This year’s SW/S Conference was about the relationship between Women’s Sport and technology a we send a huge thank-you to sportscotland who supported the event and The University of the West of Scotland, who allowed us use of their amazing facilities at their Hamilton Campus.
Technology is a part of all our lives. But what can it do for women in sport?
We have a bit of an insight from two of our speakers from the event. Nikki Gibson and Maggie Hendry work for sportscotland Institute of Sport. They ran a session about promoting an open and supportive online hub that will create an inclusive education space for women’s sport.
Nikki is a Performance Physiologist and Maggie, a High performance Physiotherapist, both have worked at the Institute of Sport for over a decade.
Maggie’s career spans over 25 years, including attending three Commonwealth Games, and the Women’s (Football) World Cup. She has worked with athletes from sports including, rugby, swimming, hockey and cycling: “To play my part in changing sports, I’ve worked with almost all of them”.
Nikki had specialised in working with athletes in cycling and triathlon before joining sportscotland 12 years ago.
The main focus of sportscotland’s research into female athlete sports research is to break the mould of what previous sports research has been done. A lot of it is carried out using only male athletes and these findings are still being applied to women, however, this is not working in practise to best support our female athletes both in their competing nor their everyday life.
Nikki explains: “It really calls into question everything we know. So everything I’ve been taught in my degree and masters. All the research we’ve tried to put into practise at The Institute, you have to question, are we just making assumptions about how female (athletes) respond?
“It highlights there’s a massive knowledge gap. There might not be that many differences. There could be loads of interventions that male and female (athletes) respond similarly. But without that research there, we can’t know for certain”.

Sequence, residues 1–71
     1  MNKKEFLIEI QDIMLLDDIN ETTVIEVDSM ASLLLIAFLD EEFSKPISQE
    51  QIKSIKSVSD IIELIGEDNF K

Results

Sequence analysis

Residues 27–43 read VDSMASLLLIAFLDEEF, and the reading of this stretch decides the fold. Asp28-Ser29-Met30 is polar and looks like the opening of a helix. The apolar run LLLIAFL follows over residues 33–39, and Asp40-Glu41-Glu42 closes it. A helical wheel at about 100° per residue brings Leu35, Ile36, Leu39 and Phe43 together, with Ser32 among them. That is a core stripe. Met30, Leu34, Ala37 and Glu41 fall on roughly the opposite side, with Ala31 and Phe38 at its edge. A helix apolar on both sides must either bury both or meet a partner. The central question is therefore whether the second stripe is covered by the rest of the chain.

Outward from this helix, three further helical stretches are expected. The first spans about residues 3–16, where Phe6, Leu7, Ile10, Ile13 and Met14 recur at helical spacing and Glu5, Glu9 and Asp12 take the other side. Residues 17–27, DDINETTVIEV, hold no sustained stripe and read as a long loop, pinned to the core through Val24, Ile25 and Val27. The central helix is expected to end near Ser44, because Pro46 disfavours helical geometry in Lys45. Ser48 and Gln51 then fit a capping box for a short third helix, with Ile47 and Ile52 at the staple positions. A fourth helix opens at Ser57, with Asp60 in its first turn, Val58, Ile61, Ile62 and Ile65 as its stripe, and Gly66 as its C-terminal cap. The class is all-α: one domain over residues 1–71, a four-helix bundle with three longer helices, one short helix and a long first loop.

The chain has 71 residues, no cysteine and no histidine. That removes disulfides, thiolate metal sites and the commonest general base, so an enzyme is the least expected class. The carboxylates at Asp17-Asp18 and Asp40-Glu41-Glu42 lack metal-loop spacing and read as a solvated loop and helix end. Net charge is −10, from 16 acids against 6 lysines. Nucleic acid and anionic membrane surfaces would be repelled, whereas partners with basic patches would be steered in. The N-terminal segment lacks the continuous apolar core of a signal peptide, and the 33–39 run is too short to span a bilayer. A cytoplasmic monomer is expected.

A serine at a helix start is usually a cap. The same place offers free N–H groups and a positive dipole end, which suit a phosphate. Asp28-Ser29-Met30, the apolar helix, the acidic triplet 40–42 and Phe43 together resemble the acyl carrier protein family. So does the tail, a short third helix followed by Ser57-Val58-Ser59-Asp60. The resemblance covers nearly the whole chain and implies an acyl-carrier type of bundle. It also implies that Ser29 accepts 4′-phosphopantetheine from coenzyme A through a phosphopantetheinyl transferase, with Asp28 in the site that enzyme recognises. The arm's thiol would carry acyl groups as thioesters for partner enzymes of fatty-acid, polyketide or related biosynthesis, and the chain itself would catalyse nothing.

At the Institute, their belief is that by using technology they can open up the conversation for athletes, coaches, and researchers alike to create a safe environment where people can share their experiences and learn from them, in order to create the best know-how for past, present and future Scottish female athletes.
Creating online forms for questionnaires, running virtual Q&A’s, remote medical consultations and education hubs, sportscotland aims to offer groundbreaking tools for all areas of sports.
Their research so far is showing even Nikki and Maggie things that with their own vast knowledge and experience things they never even thought about: “An example could be that even though I’ve worked with Triathlon and cyclist elites, it never occurred to me that a woman could be out on a six hour practise cycle with a group of men and not get the opportunity to change her menstrual product”, Nikki explains.
Again highlighting the flaws of a system not geared up to cater to female athletes. The industry as a whole needs to upscale their knowledge, but this can only be done by making this available to everyone. Though the use of technology it makes it so much easier and a lot more widely available to a bigger audience.
On the other side of it, we loose a lot of girls in sport during puberty and adolescence, factors like body image, a lack of supportive equipment including sports bras, not as many girls their age participating can all result in a major drop in girls continuing sports activities into adulthood.
Maggie highlights the importance of longevity of women in sport: “It’s not just when you’re young and don’t have to worry about family or your career, that sports should be important, We have to ensure that they retain that wealth of knowledge and experience, both for our athletes but say they want to transition into jobs within sport. Having a positive expereince as a young athlete and being enabled to grow and transition in performance but also keep all those other facets of life going, makes it easier to translate this into adulthood.”
Historically though, this isn’t the case, we don’t see the same amount of women in coaching or high level roles and it can be stemmed back to their experiences from early on in life.
By creating safe spaces for people in sport it will change things for the better and create a place for those ‘difficult’ conversations to have that will allow female athletes from all backgrounds, globally to be the best they can be, on and off the pitch/court/track.
These notions are echoed by all at SW/S. With the conference discussing how technology can help advance knowledge, access and understanding for women’s sports in general and open up sports for girls and women specifically, we know we are one step closer to making the field a more diverse and equal one.
Many thanks also to all other speakers and organisations that joined us on the day.